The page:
Thanks to the partnership with ADH and UAMS, maternal health providers, birthing hospitals, home visitors, social service agencies, childbirth educators and other providers in Arkansas can order FREE Count the Kicks educational materials (available at to help them have the kick counting conversation with expectant parents. These materials include posters, brochures, and app download cards in English and Spanish.

“The Arkansas Department of Health is committed to improving birth outcomes for families in our state, and we believe Count the Kicks provides a solution to help save babies now. We encourage anyone who works with expectant parents to order free Count the Kicks educational materials to share with the communities you serve. Together we can help more families in our state have a healthy birth outcome,” said William Greenfield, MD, MBA, FACOG, medical director for family health at the Arkansas Department of Health and a professor in the UAMS Department of Obstetrics and Gynecology.

“We are very excited to partner with the Department of Health and Count the Kicks to bring this program to Arkansas moms,” said Nirvana Manning, MD, NCMP, FACOG, UAMS Director for the Women and Infant’s Health Service Line at UAMS. “The smartphone app is very easy to use, and it provides tremendous peace of mind knowing that your baby is healthy in the final weeks of pregnancy. We hope to bring similar results to Arkansas like they’ve experienced in Iowa and reduce the number of stillbirths in our state.”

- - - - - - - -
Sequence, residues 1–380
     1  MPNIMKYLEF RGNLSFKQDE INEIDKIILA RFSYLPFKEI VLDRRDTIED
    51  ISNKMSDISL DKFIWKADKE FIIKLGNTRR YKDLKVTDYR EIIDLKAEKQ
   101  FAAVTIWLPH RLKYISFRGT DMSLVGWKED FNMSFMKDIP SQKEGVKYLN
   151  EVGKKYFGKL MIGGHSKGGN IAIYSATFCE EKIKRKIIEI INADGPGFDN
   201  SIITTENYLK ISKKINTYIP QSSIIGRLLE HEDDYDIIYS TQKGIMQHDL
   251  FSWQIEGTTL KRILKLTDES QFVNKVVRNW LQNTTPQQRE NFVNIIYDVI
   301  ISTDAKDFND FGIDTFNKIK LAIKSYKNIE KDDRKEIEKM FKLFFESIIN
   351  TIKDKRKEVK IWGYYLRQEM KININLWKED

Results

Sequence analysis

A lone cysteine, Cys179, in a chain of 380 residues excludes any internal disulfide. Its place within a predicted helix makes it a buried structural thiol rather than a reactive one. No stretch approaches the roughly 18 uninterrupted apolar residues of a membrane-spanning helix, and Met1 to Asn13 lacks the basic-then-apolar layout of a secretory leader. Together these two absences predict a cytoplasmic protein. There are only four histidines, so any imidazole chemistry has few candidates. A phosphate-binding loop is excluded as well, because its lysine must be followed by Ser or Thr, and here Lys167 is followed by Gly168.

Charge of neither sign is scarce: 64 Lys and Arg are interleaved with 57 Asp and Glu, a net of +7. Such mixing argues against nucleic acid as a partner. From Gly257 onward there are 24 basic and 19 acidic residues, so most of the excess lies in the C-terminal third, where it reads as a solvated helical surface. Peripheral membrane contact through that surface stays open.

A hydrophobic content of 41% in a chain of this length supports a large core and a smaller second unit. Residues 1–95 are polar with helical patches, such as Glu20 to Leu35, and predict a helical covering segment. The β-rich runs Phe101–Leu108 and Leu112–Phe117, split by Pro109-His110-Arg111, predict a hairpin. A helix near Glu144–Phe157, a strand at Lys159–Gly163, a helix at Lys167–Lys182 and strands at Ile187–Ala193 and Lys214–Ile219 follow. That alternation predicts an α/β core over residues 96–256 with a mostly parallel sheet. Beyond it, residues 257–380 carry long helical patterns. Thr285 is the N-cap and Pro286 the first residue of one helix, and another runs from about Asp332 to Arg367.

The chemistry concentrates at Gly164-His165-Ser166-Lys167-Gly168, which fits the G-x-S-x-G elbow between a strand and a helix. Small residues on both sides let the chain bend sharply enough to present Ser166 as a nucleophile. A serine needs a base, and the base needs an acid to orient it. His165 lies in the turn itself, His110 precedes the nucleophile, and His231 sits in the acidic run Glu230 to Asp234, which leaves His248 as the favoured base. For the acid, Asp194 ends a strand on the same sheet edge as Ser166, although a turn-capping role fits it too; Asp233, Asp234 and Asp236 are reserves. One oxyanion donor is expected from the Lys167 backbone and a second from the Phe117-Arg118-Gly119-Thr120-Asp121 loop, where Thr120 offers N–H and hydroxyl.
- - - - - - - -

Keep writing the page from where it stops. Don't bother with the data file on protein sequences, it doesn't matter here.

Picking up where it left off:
According to CDC Wonder, approximately 268 Arkansas babies are stillborn each year.4  In Iowa, where Count the Kicks began, the state’s stillbirth rate dropped by nearly 32% in the first 10 years of the campaign (2008-2018). Iowa’s rate went from 33rd worst in the country to one of the lowest, while the country’s stillbirth rate remained relatively flat. Through this collaboration, ADH is hoping to bring the same success to Arkansas, which would save approximately 86 babies in the state each year.5

CDC data shows that every year in the U.S., approximately 700 women will die from childbirth complications, and 22,300 babies will be stillborn. The risk is even greater for Black women who, according to the CDC, are twice as likely to lose a baby to stillbirth than their white neighbor, colleague or friend. Black women are also three times more likely to die of pregnancy complications. For Black women in the U.S., 1 in every 97 pregnancies ends in stillbirth.